House Speaker Paul Ryan and Senate Majority Leader Mitch McConnell are likely much less eager go down that path, especially as we creep closer to midterm elections. But Trump has not shied away from threatening a government shutdown in the past, once even calling for one in order to get a win on his policy priorities.

It doesn’t look like there will be any immigration policy in this spending fight — unless Trump demands it

Behind both government shutdowns this year was a policy fight unrelated to government spending: immigration.

In January, Senate Democrats, frustrated with Trump’s unwillingness to accept a bipartisan proposal to address the nearly 700,000 immigrants in legal limbo under DACA, orchestrated a shutdown with the support of some Republicans. The result was a failed and inconclusive Senate floor debate on the issue.

Again in February, a conservative revolt over the budget deal meant that House Republicans, who have a big enough majority to pass legislation without Democratic support, suddenly needed votes from across the aisle. Rand Paul shut down the government, and House Democrats had to decide whether they would sign on to reopening it without any gains on immigration. Ultimately, House Democrats voted for the final bill.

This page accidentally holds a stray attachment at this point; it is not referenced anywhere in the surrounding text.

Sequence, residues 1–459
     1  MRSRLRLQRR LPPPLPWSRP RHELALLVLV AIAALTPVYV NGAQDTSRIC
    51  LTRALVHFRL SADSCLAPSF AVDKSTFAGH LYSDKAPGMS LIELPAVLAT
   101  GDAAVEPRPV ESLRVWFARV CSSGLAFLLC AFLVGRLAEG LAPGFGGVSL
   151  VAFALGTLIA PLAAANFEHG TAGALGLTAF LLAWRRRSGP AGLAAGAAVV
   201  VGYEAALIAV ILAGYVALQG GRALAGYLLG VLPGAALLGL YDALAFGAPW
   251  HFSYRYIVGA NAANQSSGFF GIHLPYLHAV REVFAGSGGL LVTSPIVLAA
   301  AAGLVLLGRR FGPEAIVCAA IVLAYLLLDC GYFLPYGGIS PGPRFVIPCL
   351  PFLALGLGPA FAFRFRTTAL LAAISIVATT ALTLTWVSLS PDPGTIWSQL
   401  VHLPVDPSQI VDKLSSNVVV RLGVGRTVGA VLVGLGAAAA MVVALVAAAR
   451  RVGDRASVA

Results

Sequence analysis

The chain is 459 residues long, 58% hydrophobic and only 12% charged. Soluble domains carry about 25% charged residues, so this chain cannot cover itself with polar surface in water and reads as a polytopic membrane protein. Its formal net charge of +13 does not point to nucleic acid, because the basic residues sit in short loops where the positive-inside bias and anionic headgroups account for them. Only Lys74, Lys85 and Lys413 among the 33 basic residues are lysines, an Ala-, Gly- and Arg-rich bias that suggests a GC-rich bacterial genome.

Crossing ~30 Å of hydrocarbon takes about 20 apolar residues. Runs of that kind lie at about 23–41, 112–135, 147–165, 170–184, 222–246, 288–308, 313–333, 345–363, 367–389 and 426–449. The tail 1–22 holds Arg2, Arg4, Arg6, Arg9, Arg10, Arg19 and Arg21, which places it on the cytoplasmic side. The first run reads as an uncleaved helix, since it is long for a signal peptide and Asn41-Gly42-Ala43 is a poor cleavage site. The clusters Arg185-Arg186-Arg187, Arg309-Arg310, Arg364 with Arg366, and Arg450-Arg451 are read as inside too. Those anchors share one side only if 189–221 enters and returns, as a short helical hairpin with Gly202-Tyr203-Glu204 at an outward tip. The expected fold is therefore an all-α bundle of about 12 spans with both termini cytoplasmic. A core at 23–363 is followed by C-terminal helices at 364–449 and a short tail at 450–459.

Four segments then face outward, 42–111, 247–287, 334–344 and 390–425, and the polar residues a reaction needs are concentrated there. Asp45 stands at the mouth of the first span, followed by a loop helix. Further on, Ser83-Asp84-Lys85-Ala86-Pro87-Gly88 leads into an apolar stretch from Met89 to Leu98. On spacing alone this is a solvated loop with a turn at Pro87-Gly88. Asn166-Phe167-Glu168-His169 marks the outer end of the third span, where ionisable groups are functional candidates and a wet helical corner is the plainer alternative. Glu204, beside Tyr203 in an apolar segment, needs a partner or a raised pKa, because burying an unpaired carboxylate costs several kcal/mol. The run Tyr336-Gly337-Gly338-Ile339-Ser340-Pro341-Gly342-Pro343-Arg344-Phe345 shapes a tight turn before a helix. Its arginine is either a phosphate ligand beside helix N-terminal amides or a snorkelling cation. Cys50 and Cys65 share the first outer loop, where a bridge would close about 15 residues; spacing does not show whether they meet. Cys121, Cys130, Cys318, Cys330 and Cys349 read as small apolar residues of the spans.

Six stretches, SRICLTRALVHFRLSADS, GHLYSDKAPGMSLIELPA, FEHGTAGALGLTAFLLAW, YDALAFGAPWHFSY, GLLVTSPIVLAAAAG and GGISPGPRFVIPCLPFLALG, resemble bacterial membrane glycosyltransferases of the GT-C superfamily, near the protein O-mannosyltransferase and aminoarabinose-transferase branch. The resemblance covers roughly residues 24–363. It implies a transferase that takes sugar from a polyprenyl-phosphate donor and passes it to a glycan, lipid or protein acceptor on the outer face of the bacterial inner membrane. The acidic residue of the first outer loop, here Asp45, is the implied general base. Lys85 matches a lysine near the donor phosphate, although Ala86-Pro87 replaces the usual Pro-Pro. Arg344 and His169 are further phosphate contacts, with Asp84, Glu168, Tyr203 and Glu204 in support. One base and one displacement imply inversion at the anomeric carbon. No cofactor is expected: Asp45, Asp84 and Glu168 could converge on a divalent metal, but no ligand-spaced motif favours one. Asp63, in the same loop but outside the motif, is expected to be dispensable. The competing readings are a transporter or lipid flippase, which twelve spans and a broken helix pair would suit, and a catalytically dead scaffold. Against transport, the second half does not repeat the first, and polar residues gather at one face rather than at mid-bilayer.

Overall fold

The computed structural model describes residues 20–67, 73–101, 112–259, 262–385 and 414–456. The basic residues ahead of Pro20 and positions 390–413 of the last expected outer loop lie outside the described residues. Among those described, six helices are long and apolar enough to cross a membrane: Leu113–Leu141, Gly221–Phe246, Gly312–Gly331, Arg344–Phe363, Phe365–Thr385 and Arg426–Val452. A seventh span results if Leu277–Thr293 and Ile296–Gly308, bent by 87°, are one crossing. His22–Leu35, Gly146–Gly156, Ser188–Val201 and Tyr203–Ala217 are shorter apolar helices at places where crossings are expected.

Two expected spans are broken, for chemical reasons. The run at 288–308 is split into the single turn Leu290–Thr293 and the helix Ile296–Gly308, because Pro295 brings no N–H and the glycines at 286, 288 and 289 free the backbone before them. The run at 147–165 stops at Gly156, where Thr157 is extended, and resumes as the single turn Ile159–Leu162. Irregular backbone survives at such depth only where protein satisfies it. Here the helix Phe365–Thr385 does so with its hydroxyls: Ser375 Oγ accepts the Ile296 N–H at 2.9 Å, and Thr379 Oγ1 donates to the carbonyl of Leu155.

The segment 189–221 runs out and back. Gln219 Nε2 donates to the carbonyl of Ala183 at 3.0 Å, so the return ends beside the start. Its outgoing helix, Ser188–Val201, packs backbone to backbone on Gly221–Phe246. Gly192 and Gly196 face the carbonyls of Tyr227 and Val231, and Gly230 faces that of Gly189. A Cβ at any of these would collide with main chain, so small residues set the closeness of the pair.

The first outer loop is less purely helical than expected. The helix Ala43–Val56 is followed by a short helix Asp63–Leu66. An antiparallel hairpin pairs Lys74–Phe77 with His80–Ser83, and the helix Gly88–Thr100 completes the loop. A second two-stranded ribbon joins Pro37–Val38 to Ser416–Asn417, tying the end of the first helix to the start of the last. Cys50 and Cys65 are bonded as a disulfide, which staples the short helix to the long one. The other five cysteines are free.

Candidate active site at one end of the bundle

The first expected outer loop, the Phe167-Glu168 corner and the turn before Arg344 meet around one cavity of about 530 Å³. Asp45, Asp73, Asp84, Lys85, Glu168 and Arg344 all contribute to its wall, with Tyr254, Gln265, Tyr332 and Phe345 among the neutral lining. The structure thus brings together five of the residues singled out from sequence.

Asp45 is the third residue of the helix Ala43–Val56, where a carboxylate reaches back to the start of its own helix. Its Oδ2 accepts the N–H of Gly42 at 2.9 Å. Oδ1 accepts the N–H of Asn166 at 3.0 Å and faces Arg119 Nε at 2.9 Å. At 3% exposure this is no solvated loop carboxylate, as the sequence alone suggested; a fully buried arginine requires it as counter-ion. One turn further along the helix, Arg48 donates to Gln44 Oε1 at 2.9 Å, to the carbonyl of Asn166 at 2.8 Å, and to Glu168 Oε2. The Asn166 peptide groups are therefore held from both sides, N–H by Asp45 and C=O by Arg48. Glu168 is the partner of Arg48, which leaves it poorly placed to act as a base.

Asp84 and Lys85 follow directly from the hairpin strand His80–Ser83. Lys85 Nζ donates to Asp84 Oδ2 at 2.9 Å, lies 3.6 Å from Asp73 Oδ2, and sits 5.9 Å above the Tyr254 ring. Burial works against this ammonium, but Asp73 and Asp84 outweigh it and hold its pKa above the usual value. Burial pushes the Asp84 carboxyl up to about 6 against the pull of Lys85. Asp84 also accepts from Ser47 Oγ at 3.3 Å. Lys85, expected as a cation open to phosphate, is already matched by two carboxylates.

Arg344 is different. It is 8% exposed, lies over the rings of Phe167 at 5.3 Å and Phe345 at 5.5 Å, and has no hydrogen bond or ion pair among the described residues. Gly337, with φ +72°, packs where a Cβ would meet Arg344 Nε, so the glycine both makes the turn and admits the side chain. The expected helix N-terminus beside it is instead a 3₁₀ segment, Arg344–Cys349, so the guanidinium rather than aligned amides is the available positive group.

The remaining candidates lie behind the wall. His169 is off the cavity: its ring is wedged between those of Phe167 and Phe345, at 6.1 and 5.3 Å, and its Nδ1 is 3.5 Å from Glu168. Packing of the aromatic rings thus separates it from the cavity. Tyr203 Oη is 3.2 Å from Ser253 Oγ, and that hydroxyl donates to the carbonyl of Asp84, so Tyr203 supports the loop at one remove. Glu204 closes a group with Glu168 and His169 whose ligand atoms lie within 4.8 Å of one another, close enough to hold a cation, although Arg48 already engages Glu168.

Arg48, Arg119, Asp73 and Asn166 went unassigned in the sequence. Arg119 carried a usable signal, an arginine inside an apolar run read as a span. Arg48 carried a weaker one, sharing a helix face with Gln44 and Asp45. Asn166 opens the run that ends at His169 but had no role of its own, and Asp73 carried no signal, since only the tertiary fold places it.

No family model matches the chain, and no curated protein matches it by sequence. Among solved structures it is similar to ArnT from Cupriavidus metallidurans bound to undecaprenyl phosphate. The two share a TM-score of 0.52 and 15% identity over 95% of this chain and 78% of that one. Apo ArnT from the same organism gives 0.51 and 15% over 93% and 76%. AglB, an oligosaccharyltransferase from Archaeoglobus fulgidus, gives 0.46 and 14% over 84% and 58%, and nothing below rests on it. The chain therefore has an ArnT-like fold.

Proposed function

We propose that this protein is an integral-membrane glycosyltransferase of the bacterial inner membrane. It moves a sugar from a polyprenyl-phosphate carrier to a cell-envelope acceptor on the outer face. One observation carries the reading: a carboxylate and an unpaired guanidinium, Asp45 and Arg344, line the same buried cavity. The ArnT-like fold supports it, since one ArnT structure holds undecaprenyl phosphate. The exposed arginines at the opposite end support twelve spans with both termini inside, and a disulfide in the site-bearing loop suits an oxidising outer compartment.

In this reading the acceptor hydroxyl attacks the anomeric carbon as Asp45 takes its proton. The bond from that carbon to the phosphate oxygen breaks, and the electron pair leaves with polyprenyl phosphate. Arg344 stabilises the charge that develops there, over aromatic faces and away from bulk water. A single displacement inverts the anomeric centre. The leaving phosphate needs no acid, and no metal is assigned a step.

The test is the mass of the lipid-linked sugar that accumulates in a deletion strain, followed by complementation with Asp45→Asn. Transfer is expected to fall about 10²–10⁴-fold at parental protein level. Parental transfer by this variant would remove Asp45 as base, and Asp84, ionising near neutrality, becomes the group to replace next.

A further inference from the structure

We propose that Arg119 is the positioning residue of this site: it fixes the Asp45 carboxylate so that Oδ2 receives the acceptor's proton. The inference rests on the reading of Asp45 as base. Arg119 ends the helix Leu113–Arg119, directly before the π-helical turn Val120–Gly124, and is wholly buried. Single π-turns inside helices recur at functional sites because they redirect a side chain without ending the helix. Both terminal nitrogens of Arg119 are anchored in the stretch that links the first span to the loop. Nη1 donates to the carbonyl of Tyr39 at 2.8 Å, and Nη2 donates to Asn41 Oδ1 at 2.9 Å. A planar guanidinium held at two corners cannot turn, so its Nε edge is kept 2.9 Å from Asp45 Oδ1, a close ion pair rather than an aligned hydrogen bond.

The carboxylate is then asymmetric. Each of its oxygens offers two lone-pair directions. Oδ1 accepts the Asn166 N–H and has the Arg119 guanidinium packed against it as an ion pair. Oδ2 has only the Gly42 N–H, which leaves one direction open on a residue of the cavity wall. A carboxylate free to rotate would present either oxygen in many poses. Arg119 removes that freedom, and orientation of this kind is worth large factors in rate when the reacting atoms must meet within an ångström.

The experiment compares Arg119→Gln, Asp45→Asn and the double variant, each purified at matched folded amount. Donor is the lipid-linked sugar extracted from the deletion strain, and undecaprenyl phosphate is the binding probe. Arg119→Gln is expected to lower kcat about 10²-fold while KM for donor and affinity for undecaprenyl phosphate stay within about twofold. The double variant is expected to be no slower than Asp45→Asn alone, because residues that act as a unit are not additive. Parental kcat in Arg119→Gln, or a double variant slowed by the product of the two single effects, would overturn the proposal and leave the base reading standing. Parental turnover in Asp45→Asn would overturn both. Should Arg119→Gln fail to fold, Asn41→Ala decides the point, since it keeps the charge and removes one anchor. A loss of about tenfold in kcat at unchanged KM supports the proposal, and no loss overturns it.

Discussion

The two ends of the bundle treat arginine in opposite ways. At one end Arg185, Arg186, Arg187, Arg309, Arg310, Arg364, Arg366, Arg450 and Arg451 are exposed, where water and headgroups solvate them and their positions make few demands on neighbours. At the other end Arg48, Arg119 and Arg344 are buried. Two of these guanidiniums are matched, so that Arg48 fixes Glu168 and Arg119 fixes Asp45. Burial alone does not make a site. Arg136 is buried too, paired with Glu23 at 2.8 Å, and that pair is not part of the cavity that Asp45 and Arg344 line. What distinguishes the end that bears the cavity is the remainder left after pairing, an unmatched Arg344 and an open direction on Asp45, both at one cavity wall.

Now Democrats seem to have changed their tune and seem less interested in tying immigration, or any big policy priorities, like gun control, to the spending fight. Immigration “doesn’t have to be on the omnibus bill,” Pelosi said this week. “But the omnibus bill has other problems in it.”

Trump has some immigration priorities of his own, however, calling on Congress to defund “sanctuary cities.”

“Today I am calling on Congress to stop funding sanctuary cities so we can save American lives,” Trump said at a rally over the weekend. “The funding bill should not give precious and massive taxpayer grants to cities aiding and abetting criminals.”

It’s not clear whether the White House will veto the spending bill over the measure, which will surely lose Democratic support.

Ironically, some Senate Republicans, like South Carolina’s Lindsey Graham and West Virginia’s Shelley Moore Capito, said the omnibus could see a short-term legislative extension of DACA in addition to some border security.

”That’s probably the most likely thing — when we write the funding of the government bill, we’ll extend DACA legislatively, making it legal for a year or two and kind of punting it,” Graham told reporters.

But the way things are going so far, even that might be too hopeful.